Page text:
Last Updated 15/07/2021.
Southeast Asian food is quite possibly the best on the planet. We think so anyway. Southeast Asia is also our favourite place to travel, with trying every local dish we can, being a huge part of the travel experience. With that in mind, Chef (my husband) and I have put together this guide to Southeast Asian food, an overview of food in this part of the world, along with some of the best dishes you will find in Southeast Asia.
Best Southeast Asian Food
First a chart, we’ll list all of the countries in Southeast Asia, along with some of the best dishes you’ll find there. There are rather more countries in Southeast Asia than you may think, today, there are 11 countries in Southeast Asia and broadly, the cuisines are fairly similar reflecting the climate and influences of the region.
We think Vietnam and Thailand have the two best world food cultures in Southeast Asia, and the tastiest, most interesting foods. Just about everything in Thailand and Vietnam is delicious. Of course, the other 9 countries in Southeast Asia have famous dishes to offer too, be they home cooking, restaurant food, or street food.
Culinary influences in Southeast Asia include French, Indian, Dutch, and Chinese cultures and cuisines. The spice route and the influence of French occupation still leave a flavour trail through mainland Indochina and the Malay archipelago, Look for France in Vietnam and Cambodia, Indian and Chinese in Malaysia and Singapore, but of course, the whole region has influenced its neighbouring countries. You’ll notice some dishes appearing for multiple countries and of course borders have changed over the years.
|Thailand||Fried, or stir-fried noodles (including pad Thai and pad see ew)
Khao soi (soup curry with fried noodles, regional, North Thailand)
Som tam (green papaya salad)
Various soups (including tom kha, coconut, and tom yum, spicy)
Various Thai curries (nothing like Indian curries, including red, green, Penang, and Massaman curries)
We have a full post on Thai food.
|Vietnam||Pho (beef pho is classic but you'll also find chicken, vegetarian and vegan versions)
Com ga (chicken rice)
Banh xeo (crispy Vietnamese pancakes),
Banh mi (means bread, a French-style baguette, filled with various things, notably pate and pork)
|Cambodia||Fish amok (a kind of custard containing fish, steamed)
Nom banh chok (Khmer noodles)
|Laos||Larb or larp
Khao soi (curry noodle soup)
Baguettes (from French times)
Crispy pata (deep fried pork knuckle)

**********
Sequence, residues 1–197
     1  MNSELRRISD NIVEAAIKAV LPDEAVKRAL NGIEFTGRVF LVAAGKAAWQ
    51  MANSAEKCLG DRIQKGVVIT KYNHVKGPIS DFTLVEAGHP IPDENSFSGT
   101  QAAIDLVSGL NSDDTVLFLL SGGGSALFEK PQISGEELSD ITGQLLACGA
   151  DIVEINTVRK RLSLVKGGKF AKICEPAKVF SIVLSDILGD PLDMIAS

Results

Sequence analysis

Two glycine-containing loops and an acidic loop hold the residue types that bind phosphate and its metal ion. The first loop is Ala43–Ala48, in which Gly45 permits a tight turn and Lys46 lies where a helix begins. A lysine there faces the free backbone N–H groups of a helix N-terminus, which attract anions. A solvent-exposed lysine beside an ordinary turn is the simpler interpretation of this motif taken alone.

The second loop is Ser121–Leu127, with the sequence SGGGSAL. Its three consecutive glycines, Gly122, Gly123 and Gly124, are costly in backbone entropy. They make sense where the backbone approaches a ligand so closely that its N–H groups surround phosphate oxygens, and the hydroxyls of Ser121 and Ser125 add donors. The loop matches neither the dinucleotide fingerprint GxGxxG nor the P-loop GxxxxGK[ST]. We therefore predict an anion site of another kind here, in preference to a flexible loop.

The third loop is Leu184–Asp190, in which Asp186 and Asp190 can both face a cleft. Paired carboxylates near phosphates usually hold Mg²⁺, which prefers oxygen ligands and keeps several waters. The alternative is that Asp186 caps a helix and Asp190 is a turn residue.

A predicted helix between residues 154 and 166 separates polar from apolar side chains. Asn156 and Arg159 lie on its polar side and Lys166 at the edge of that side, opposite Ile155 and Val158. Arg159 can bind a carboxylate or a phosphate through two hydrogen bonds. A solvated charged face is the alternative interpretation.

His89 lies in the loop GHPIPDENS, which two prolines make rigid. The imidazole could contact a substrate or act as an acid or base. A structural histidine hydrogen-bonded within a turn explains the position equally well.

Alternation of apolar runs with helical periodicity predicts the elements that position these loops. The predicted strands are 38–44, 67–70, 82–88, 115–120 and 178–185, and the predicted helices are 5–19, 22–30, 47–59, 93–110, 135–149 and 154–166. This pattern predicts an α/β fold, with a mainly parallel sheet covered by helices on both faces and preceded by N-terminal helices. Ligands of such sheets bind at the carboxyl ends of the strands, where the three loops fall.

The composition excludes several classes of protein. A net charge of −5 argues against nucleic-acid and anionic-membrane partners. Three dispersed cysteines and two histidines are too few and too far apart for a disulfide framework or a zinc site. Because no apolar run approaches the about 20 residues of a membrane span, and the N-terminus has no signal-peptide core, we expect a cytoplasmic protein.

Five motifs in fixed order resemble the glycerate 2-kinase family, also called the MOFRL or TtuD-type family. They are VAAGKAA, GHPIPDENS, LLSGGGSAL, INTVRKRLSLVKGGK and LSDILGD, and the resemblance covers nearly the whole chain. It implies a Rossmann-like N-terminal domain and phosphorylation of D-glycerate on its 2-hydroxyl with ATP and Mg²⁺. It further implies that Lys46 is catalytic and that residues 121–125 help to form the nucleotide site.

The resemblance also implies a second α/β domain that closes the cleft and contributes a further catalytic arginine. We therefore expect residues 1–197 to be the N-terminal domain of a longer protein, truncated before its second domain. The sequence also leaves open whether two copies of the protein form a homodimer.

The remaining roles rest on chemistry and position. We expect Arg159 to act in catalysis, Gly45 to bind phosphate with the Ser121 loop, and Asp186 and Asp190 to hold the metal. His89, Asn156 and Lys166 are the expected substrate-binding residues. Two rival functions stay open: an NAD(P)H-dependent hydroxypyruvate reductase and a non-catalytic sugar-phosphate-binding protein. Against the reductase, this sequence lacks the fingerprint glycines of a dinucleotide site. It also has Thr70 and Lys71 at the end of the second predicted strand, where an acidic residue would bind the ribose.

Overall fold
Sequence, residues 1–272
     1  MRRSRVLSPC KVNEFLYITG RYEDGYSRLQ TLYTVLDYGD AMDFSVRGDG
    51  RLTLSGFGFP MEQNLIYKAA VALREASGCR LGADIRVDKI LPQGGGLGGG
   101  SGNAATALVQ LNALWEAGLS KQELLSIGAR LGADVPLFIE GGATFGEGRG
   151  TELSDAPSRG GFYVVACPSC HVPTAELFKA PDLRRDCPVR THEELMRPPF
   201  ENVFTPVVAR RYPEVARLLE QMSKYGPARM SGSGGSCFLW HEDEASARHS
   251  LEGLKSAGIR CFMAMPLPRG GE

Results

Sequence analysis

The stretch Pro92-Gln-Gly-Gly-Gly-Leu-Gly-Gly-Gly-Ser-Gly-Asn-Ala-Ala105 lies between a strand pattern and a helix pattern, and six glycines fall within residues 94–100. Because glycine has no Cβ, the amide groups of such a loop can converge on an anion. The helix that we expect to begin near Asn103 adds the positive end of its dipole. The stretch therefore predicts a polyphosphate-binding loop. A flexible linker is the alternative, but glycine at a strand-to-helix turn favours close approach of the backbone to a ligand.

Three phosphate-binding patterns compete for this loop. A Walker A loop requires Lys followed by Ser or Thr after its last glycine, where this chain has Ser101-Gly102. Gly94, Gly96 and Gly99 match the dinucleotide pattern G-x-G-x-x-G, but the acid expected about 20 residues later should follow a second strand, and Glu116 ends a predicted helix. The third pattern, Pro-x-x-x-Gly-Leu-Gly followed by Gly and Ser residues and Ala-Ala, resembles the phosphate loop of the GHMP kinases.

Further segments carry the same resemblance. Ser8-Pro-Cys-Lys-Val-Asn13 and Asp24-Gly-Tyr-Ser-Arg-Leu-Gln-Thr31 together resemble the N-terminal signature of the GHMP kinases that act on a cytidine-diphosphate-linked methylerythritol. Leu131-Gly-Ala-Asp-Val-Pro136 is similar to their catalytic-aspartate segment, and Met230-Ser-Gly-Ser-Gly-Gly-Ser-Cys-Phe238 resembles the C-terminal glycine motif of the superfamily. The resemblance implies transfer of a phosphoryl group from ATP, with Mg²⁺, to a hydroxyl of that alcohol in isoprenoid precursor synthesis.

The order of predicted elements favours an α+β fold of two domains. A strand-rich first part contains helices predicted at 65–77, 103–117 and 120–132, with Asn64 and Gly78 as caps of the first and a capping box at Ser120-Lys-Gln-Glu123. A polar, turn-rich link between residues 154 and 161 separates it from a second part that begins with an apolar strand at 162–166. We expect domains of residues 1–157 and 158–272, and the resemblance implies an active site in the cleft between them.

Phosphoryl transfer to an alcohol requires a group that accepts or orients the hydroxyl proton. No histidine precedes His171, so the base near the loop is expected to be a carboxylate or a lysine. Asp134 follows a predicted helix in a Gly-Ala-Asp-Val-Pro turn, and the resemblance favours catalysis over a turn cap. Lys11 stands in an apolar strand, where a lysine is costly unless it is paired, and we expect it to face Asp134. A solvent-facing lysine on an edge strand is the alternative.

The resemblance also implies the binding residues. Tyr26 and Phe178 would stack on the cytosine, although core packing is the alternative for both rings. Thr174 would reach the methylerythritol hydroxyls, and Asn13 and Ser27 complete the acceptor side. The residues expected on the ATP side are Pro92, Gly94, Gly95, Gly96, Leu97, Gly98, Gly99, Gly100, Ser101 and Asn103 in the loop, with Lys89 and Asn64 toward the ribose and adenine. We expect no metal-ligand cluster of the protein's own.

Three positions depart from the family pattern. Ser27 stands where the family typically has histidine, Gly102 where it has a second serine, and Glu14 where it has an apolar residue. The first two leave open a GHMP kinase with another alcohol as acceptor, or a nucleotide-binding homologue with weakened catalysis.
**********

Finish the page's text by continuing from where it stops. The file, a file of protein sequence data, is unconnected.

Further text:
Babi guling (slow roast suckling pig),
Hainanese chicken rice
Char kuay teow
Chili crab (whole crab cooked in chili sauce)
|Myanmar||Tea leaf salad
Shan style rice
|Timor Leste||Ai Manas
|Malaysia||In Malaysia there is a lot of Indian food, particularly South Indian food. There is also Chinese and Nyonya cuisine.
Chicken rice (Chinese influence)
Nasi lemak (fat rice)
Roti canai (flat bread with thin curry sauce, Indian influence)
Chili pan mee (fried noodles with toppings)
Beef or tempeh rendang
Our favourite dishes from Southeast Asia, with delicious photos, are below. We plan to publish recipes for these so that we can all cook them at home when we can’t travel in Southeast Asian countries.
Satay From Indonesia
In Bali we eat a lot of satay. Mostly we eat tofu and tempeh satay in the warungs but the photo above is from a rare restaurant treat, a selection of fish, seafood, and prawn satay skewers that were executed perfectly.
Gado Gado from Indonesia
I love gado gado. It sounds odd at first but it’s surprisingly good. This dish is basically a salad, with some raw ingredients and some cooked. Items like beans will be blanched or boiled. There’s usually a hard-boiled egg and some fried tempeh or tofu too.
The peanut sauce with the salad is often identical to satay sauce. When we make this at home we use a basic satay mix containing peanut butter, soy sauce, coconut milk, sugar, garlic, ginger, and chillies. It is sometimes served topped with krupuk.
Tom Kha from Thailand
Tom kha is a dream of a soup. So fragrant that just this image should get your mouth watering. My son, above, is tucking into a bowl of tom kha gai, chicken tom kha. We’ve also eaten a lot of tom kha tofu and tom kha vegetable. When you’ve finished your soup you’ll be left with slices of ginger (galangal), lemongrass, and kaffir lime leaves in your bowl. Don’t try and eat these!
Mi Quang from Vietnam
Mi Quang has to be up there as one of the tastiest noodle dishes in the world. But there are quite a few good noodle dishes in Southeast Asia.